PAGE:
American Eagle Surrendered Creative Control for Its Latest Marketing Effort to Gen Z

The young shoppers shot, styled and starred in the latest campaign

American Eagle's latest campaign came from the creative minds of Gen Z. American Eagle
Headshot of Katie Richards

American Eagle is taking the consumer focus group to a whole new level, enlisting a number of Gen Z customers (born between 1995 and 2015) to star in the brand’s latest marketing effort. But wait—there’s more. The brand turned over full creative control to these Gen Z shoppers, giving them the freedom to style and shoot themselves for American Eagle’s Spring ’19 campaign.
“Gone are the days when brands dictated to customers what they should look like, what they should feel like and what they should do to be cool. This generation is cool because they are such individuals and they are so creative and inspiring,” Kyle Andrew, AE CMO, evp of marketing, said.
It’s one thing to let teenagers inform your marketing decisions but a whole different thing to put your entire marketing campaign in their hands. “We want to be inspired by them so we are letting them take control of things that we normally wouldn’t let people take control of,” Andrew continued.

The campaign features nine Gen Zers who all shop at and wear American Eagle. The brand’s marketing team found the faces of its new campaign by scouring social media and searching posts under the #AExMe platform. American Eagle originally launched the platform as a way to find real authentic people that the brand could use in its marketing efforts. Now, the hashtag has become a way for the brand to cast an entire campaign and turn over complete control to young people that embodied the brand and felt like everyday teenagers and young adults.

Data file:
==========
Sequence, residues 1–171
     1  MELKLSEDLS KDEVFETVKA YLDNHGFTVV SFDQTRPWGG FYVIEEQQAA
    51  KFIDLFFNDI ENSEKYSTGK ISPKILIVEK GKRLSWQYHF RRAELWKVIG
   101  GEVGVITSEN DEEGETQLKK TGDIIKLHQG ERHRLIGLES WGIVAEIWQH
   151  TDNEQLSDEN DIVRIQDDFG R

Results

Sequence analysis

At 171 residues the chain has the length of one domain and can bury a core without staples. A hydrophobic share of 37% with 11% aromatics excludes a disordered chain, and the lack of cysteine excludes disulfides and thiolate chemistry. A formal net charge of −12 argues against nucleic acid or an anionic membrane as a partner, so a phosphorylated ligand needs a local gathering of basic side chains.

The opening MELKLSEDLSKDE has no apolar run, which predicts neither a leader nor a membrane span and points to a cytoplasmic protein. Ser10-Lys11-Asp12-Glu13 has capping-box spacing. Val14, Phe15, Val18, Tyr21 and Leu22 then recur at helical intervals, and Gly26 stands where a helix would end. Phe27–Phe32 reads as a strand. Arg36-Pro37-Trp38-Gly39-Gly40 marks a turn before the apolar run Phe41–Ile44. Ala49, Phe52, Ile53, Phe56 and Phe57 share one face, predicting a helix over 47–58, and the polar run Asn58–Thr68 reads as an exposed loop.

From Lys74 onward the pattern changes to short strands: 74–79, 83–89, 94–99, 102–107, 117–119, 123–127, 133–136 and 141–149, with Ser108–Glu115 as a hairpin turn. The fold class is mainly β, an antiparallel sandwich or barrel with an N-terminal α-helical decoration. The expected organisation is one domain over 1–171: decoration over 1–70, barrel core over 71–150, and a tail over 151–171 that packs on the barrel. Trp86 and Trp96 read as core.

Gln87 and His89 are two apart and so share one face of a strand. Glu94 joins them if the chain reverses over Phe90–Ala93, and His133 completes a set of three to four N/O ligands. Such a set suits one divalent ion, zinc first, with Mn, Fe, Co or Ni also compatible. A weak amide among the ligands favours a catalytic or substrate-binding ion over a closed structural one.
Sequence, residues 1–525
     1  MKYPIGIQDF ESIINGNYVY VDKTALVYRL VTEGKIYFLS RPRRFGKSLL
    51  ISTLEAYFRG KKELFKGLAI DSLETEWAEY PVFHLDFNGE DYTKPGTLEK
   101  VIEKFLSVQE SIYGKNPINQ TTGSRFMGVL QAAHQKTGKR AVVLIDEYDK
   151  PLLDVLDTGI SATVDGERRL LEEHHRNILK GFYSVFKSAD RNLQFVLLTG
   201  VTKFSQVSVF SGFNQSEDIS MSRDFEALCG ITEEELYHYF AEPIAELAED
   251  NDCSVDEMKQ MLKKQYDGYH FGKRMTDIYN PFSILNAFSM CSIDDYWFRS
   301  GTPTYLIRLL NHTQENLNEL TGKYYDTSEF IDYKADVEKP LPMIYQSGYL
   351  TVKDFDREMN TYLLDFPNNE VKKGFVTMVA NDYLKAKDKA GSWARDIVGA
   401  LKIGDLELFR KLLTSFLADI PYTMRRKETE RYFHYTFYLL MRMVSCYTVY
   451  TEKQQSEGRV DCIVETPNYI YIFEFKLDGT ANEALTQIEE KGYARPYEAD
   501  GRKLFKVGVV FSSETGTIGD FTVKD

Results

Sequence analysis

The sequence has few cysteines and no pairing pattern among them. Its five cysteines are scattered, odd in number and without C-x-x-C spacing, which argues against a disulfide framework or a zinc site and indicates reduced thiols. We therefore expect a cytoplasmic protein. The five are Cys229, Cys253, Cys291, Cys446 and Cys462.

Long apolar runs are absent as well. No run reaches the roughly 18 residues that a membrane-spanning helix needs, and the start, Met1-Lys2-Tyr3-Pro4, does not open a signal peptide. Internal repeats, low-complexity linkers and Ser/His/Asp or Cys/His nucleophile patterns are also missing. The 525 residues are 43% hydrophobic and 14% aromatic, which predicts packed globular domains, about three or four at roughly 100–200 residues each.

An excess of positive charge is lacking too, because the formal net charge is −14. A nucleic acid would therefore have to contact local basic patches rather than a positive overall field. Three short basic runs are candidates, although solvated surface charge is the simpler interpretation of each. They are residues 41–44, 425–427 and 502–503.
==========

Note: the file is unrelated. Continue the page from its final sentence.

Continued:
The cast of Gen Zers used iPhones, disposable and medium format film cameras to shoot their selfies and video used in the campaign. Again, photos were not altered to appear a certain way, something that the brand and sister brand Aerie have been big proponents of in the last few years. Andrew said she really wanted the images to feel authentic so that they’ll resonate with American Eagle’s customer base.

According to Andrew, 80 percent of American Eagle’s shoppers are part of Gen Z, so putting the marketing power in their hands was an easy choice for the brand.
“It seems kind of crazy to me. Especially when you are marketing to Gen Z, I don’t think it is relevant to them to have a brand telling them how to express themselves with their clothes. … They don’t need a 40-year-old white guy sitting in an office telling them how to do that,” Michael Goldberg, AE creative director, said.
Andrew noted that she had two main goals with this campaign. One is to get people (and not just Gen Z shoppers) to think about American Eagle differently. “People have a soft spot in their hearts for American Eagle because it’s a brand that has been around for a long time. It’s been consistent. It makes good quality clothes. People remember it and have a fondness for it. But I want people to really love it,” she said.
The second goal is to get people to recognize the brand as “America’s number one jeans brand. I think people forget how big our jeans business is. I’m hoping that by having cool, young kids with amazing individual style reflecting the more diverse and inclusive community out there and having them wear our jeans that people will start to recognize that we are the authority in jeans for this generation,” Andrew added.
For those tapped to star in the campaign, it gives them a chance to show the world what their generation stands for and what they stand for on an individual level.

One AExME Spring ’19 Campaign cast member, Brinda Iyer, said for her it was a chance to show that “brown women and LGBTQ+ members … can be represented commercially, that the world is changing its lens and their voice matters. I want their parents to know they can be seen in other lanes aside from the ones that are most common, that actively pursuing their dreams within a creative sphere is totally possible if they’re motivated to keep pushing for it.”

@ktjrichards Katie Richards is a staff writer for Adweek.